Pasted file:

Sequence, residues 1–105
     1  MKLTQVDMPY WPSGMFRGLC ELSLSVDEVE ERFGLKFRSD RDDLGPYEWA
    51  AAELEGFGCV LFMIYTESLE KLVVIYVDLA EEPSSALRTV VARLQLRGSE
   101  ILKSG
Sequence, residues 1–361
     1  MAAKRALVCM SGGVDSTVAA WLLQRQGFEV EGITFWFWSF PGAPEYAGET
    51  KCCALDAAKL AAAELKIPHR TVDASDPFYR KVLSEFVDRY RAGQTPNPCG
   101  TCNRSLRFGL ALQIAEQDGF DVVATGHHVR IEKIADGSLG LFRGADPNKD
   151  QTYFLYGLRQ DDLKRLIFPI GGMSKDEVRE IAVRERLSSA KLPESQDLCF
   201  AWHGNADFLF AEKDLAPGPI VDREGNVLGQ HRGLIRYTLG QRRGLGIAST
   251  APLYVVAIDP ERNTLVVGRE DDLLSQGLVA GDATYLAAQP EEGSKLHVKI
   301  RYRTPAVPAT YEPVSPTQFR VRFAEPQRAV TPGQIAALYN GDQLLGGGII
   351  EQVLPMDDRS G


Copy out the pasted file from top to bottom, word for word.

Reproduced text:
Sequence, residues 1–105
     1  MKLTQVDMPY WPSGMFRGLC ELSLSVDEVE ERFGLKFRSD RDDLGPYEWA
    51  AAELEGFGCV LFMIYTESLE KLVVIYVDLA EEPSSALRTV VARLQLRGSE
   101  ILKSG
Sequence, residues 1–361
     1  MAAKRALVCM SGGVDSTVAA WLLQRQGFEV EGITFWFWSF PGAPEYAGET
    51  KCCALDAAKL AAAELKIPHR TVDASDPFYR KVLSEFVDRY RAGQTPNPCG
   101  TCNRSLRFGL ALQIAEQDGF DVVATGHHVR IEKIADGSLG LFRGADPNKD
   151  QTYFLYGLRQ DDLKRLIFPI GGMSKDEVRE IAVRERLSSA KLPESQDLCF
   201  AWHGNADFLF AEKDLAPGPI VDREGNVLGQ HRGLIRYTLG QRRGLGIAST
   251  APLYVVAIDP ERNTLVVGRE DDLLSQGLVA GDATYLAAQP EEGSKLHVKI
   301  RYRTPAVPAT YEPVSPTQFR VRFAEPQRAV TPGQIAALYN GDQLLGGGII
   351  EQVLPMDDRS G